According to Merriam-Webster.com, an ode is a work “in which a person expresses a strong feeling of love or respect for someone or something.” And these two BOT audiobooks on the October 2014 LibraryReads list do just that.
Jodi Picoult’s LEAVING TIME is an ode to motherhood and to the wonder of African elephants. Jane Smiley’s SOME LUCK is an ode to American farms and farmers. And this post itself is our ode to these two spectacular October picks (that make great listens), as well as the wonderful program that is LibraryReads!
By Jodi Picoult
Read by Rebecca Lowman, Abigail Revasch, Kathe Mazur, & Mark Deakins
LibraryReads Review: “Leaving Time is a love story—love between mother and child, love between soulmates, and love between elephants. The story is told from a variety of narrators, all of whom are broken and lost. Jenna is searching for answers to the disappearance of her mother, and seeks the help of a retired police detective and a psychic. Alice, Jenna’s mom, disappeared after a tragic accident at the elephant sanctuary, and her work with the elephants is fascinating and touching. The book is an ode to motherhood in all its forms–the good, bad and the ugly–and it is brilliant.”—Kimberly McGee, Lake Travis Community Library, Austin, TX
“…truly engaging…crosses through the genres of mystery and the supernatural….Perfect for Picoult fans and book clubs.”—Library Journal, starred review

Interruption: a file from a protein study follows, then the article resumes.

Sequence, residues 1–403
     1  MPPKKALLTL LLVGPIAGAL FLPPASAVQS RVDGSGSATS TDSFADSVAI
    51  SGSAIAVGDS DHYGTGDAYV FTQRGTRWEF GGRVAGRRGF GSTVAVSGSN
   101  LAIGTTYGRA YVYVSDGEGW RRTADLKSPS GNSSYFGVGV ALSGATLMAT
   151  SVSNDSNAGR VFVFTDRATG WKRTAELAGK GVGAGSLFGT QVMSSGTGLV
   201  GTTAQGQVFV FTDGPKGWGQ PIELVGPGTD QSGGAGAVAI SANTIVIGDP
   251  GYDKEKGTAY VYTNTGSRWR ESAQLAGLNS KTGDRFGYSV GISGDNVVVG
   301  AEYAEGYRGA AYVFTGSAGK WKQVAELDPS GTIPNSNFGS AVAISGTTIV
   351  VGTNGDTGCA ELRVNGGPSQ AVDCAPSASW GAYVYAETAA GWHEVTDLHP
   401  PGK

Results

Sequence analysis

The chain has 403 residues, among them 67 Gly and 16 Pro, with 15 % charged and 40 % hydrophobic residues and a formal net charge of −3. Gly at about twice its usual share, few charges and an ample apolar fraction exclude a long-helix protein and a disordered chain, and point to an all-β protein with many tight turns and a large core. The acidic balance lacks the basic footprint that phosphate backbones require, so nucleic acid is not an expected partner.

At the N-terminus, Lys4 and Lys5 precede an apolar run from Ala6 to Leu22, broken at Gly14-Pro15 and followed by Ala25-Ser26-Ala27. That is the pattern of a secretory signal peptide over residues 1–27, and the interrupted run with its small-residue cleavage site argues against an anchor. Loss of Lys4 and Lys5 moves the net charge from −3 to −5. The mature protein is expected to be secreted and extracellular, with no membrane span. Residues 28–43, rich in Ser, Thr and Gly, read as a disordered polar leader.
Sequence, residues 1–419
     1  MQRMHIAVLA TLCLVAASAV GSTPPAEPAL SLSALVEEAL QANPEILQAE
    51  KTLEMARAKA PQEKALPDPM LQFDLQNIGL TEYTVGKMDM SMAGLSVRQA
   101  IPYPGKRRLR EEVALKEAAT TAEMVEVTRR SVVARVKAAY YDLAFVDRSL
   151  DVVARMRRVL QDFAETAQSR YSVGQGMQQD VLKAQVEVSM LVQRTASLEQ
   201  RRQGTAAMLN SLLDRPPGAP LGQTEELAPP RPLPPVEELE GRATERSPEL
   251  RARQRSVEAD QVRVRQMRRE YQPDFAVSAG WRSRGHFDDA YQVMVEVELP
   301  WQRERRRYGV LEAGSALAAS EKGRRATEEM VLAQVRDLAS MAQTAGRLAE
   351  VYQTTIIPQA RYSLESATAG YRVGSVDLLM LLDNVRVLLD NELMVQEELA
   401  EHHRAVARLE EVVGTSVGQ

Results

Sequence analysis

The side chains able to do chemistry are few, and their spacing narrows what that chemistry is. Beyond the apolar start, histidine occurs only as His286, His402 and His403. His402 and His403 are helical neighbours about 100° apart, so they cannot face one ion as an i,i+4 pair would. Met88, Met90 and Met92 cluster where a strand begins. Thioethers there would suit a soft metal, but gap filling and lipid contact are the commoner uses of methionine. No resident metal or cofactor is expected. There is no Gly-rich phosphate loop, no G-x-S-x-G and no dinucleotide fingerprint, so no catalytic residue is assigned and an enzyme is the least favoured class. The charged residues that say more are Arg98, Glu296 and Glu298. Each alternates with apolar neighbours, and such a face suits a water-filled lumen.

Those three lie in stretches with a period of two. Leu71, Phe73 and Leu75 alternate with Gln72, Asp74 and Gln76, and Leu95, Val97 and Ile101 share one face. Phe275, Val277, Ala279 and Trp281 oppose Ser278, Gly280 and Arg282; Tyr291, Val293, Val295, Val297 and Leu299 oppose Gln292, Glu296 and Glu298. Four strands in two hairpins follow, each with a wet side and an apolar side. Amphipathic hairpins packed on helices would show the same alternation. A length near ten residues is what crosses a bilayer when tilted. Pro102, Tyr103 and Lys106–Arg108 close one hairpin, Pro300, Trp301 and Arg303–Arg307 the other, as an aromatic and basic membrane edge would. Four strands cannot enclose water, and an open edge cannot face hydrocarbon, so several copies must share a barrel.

“Best-selling, reliably entertaining, and thought-provoking…”—Booklist
By Jane Smiley
Read by Lorelei King
LibraryReads Review: “Smiley’s latest is a love song to American farms and the people who keep them. This glorious and heartfelt novel chronicles the lives of an Iowan farm family over 30 years, beginning in 1920. Family members are born, grow, change, and die. Readers follow their triumphs and crushing losses and, along the way, learn about the evolution of farming and society in the United States. Definitely one of the best novels of 2014.”—Laurie Van Court, Douglas County Libraries, Parker, CO
“Smiley’s grand, assured, quietly heroic, and affecting novel is a supremely nuanced portrait of a family spanning three pivotal American decades.”—Booklist, starred review
“Told in beautiful, you-are-there language, the narrative lets ordinary events accumulate to give us a significant feel of life at the time, with the importance and dangers of farming particularly well portrayed…Highly recommended.”—Library Journal, starred review